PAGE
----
Microsoft’s 2017 third quarter financials have revealed a 26 per cent year-on-year hit in revenues from sales of its Surface products during the three month period.
The fall in Surface revenue contributed to an overall decline in revenue for the tech giant’s More Personal Computing division, which encompasses Windows, Bing search revenue and all of Microsoft’s own hardware products, including tablets and smartphones.
It is unclear whether the fall in Surface revenue for the quarter is linked to anticipation within the market of Microsoft’s Surface Studio all-in-one PC, which was launched in some markets outside the United States, including Australia, in April.
For the quarter, revenue in Microsoft’s More Personal Computing business fell by seven per cent compared to the same period the previous year, to US$8.8 billion, driven primarily by lower phone revenue.
However, the company’s search advertising revenue, excluding traffic acquisition costs, increased by eight per cent year-on-year during the period.
Meanwhile, Windows original equipment manufacturer (OEM) revenue increased by five per cent in the quarter, compared to last year, while Windows commercial products and cloud services revenue increased six per cent.
At the same time, Microsoft’s Enterprise Services revenue decreased by one per cent, with declines in custom support agreements offset by growth in Premier Support Services and consulting.
While the company’s More Personal Computing Division took a revenue hit during the quarter, its cloud revenues continue to grow, with the company’s Office commercial products and cloud services revenue increasing by seven per cent, and Office consumer products and cloud services revenue increasing by 15 per cent.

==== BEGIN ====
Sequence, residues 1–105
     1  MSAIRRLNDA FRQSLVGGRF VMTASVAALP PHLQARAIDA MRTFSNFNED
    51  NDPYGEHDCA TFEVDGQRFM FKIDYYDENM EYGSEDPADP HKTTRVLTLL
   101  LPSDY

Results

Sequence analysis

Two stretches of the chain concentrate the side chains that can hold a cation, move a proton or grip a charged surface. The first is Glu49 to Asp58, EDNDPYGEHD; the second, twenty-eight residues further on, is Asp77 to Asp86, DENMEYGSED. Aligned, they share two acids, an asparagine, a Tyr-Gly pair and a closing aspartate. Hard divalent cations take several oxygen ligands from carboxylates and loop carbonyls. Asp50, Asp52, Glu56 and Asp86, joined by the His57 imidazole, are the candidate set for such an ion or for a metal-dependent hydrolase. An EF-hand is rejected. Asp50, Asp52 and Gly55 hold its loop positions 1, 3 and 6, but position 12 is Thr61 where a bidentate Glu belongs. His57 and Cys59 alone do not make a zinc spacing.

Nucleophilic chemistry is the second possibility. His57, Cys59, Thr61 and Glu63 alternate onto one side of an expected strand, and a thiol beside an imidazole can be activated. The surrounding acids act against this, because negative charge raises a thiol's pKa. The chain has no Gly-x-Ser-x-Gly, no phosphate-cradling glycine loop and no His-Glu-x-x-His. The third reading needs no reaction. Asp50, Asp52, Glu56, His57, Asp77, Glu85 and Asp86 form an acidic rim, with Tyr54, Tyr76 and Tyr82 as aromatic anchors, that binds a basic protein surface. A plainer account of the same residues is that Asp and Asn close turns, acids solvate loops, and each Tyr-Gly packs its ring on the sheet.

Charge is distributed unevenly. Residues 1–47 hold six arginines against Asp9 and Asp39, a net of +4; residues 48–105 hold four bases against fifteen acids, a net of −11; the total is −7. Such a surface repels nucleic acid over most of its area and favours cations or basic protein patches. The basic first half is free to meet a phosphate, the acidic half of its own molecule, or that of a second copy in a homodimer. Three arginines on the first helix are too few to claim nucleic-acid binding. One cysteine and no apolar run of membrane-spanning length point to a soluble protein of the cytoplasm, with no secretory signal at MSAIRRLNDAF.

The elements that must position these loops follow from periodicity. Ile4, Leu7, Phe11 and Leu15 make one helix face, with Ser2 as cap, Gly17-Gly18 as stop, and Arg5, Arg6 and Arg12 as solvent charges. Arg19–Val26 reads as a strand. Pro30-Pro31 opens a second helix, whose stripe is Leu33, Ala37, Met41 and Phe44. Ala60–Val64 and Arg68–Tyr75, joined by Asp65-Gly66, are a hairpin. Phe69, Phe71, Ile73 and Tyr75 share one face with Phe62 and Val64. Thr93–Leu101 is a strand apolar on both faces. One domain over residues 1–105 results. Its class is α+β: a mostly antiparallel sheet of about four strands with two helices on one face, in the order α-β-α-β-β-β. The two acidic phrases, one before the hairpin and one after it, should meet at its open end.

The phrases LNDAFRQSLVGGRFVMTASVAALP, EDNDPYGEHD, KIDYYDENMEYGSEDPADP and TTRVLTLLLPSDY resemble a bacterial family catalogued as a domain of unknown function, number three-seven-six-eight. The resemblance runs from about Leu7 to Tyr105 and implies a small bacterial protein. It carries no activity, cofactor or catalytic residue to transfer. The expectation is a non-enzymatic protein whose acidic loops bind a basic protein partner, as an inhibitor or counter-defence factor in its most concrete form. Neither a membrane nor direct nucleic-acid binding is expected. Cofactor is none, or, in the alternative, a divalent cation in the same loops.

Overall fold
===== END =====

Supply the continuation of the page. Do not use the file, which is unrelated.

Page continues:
Unsurprisingly, much of this growth was driven by growth in Office 365 revenue.
At the same time, Dynamics products and cloud services revenue increased 10 per cent, driven heavily by Dynamics 365, which grew in revenue by 81 per cent.
“Our results this quarter reflect the trust customers are placing in the Microsoft Cloud,” said Microsoft CEO, Satya Nadella.
According to Microsoft executive vice president and chief financial officer, Amy Hood, strong execution and demand for Microsoft’s cloud-based services drove its commercial cloud annualised revenue run rate to more than US$15.2 billion.
The company’s revenue in Intelligent Cloud was US$6.8 billion, an increase of 11 per cent, while server products and cloud services revenue increased 15 per cent, driven by Azure revenue growth of 93 per cent.
For Technology Business Research analyst, Kelsey Mason, the latest quarterly results highlight the effectiveness of Microsoft’s approach to transitioning customers to the cloud.
“The crux of Microsoft’s success has been its ability to first transition customers to cloud-based offerings, then upsell additional or premium services to increase lifetime customer value,” Mason said. Office 365 and Azure are the first examples of this strategy.
“Office 365 commercial revenue surpassed Office commercial on-premises revenue in CY1Q17, according to TBR estimates, as customers adopted premium versions and as Microsoft expanded its addressable market to deskless workers,” she said.
Further, according to Mason, customers continue to ‘lift, shift and modernise’ server software workloads, with revenue from Azure premium services growing by triple digits for the 11th consecutive quarter, driven by use cases around hybrid, IoT and artificial intelligence.
Dynamics is set to follow the same path, according to Mason.
“Microsoft has similar plans for its Dynamics business, where it is in the initial phases of encouraging customer migrations to Dynamics 365,” Mason said. “New integrations with LinkedIn and continued horizontal expansion create opportunities to grow share of wallet and increase lifetime customer value.
“These three businesses, combined with ongoing commercial adoption of Windows 10 and premium versions of on-premises server software, position Microsoft favorably to enable customers’ digital transformations, both for lines of business and IT departments,” she said.
Overall, Microsoft reported revenues of US$22.1 billion for the quarter, with net income reaching US$4.8 billion.